Speaking at a community forum on the planned extension of the school year under a pilot program, teachers and administrators in the New London Public Schools said a number of different strategies will be employed and that collaboration with community partners will be included.
New London was one of 11 districts in five states selected for an extension of the school year by 300 hours, beginning in the 2013-2014 school year. Kate Ericson, chief academic officer for New London Public Schools, said each of the participating schools will design its own strategy for how to implement the extra hours.
“There’s no one model for how this looks,” said Ericson. “There’s no cookie cutter approach.”
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Under the three-year pilot program, Bennie Dover Jackson Middle School and the district’s elementary schools will each receive the additional school time. Dr. Nicholas Fischer, superintendent of New London Public Schools, said additional learning time will also be included at New London High School as part of an improvement grant.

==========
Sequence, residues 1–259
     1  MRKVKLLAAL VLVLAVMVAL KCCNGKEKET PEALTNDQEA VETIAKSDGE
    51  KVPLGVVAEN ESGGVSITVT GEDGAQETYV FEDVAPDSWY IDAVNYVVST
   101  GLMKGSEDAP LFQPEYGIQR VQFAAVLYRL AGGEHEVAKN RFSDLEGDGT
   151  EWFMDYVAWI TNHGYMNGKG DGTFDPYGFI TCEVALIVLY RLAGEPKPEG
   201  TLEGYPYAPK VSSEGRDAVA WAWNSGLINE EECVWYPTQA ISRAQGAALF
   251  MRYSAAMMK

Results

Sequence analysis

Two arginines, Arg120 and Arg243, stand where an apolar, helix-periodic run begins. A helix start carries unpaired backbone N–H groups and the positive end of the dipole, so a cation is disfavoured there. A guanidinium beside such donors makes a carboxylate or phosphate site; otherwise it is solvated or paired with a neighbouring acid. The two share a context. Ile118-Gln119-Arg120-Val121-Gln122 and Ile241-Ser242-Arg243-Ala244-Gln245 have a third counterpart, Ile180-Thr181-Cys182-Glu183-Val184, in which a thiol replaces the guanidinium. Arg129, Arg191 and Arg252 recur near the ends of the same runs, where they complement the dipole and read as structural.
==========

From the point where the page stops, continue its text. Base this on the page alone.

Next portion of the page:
The program is being financed by federal, state, and local funding as well as the Ford Foundation and National Center on Time and Learning. East Hartford and Meriden are also taking part in the pilot program.
Ericson said the hours may be included in normal school days, weekends, and summer months. She said the elements of the program will include focusing on school-wide priorities, individual academic intervention and acceleration, targeted teacher development and collaboration, increasing expectations, and engagement in enrichment programs.
“We are not going to have a circus in our buildings,” said Ericson. “We’re not going to have 40 things that just make no sense.”
Alison Ryan, principal of Bennie Dover Jackson Middle School, said schools will be working to utilize the additional hours in ways that benefit their school improvement plan. She said the middle school is looking to increasing reading and vocabulary comprehension as well as further development of existing enrichment program, such as cooperation with local colleges and organizations.
“Really what we’re talking about at Bennie Dover is getting better at what we’re doing,” said Ryan.
Ed Sweeney, after-school coordinator at the middle school, said he enjoys working with such partners and that there are “tremendous opportunities within our own community.”
Margaret Lewis, a fifth grade teacher at Jennings School, said strategies will focus on how schools best use time and resources. She said schools are also looking to build sustainable models that can continue after the end of the pilot program, saying one possibility would be staggering when teachers start their day to extend the school day without affecting the length of a teacher’s workday.
“When the money runs out—which it will—we need to design programs that can keep going,” said Lewis.